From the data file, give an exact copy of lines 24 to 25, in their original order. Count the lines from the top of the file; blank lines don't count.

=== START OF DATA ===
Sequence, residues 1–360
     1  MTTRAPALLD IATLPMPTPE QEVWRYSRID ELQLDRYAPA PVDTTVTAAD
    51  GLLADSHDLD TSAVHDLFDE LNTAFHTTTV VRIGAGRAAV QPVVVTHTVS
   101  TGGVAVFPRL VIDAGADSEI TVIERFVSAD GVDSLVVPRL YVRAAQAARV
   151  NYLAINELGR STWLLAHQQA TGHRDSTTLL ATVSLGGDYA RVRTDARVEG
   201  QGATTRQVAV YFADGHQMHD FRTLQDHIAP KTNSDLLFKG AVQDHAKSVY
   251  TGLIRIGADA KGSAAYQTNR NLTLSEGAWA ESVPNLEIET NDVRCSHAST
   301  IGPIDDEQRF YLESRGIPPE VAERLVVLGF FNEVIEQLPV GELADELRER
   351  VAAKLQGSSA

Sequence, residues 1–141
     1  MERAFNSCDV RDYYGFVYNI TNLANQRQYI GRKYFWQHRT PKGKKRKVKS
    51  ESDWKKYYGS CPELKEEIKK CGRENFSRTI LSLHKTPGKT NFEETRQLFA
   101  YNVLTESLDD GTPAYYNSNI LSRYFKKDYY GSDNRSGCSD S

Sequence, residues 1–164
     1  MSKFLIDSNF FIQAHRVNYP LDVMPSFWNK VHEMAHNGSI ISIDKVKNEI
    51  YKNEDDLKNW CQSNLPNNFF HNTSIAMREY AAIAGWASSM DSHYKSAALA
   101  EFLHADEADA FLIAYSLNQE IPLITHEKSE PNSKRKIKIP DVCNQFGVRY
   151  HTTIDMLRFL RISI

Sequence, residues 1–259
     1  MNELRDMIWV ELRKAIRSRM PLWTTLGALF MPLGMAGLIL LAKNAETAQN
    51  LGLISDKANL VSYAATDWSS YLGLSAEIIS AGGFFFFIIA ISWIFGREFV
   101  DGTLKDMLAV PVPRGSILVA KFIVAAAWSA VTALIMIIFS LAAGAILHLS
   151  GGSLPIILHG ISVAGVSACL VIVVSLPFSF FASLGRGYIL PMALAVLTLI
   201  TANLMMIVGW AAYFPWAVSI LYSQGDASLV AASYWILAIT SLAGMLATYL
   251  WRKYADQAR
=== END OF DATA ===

   201  TANLMMIVGW AAYFPWAVSI LYSQGDASLV AASYWILAIT SLAGMLATYL
   251  WRKYADQAR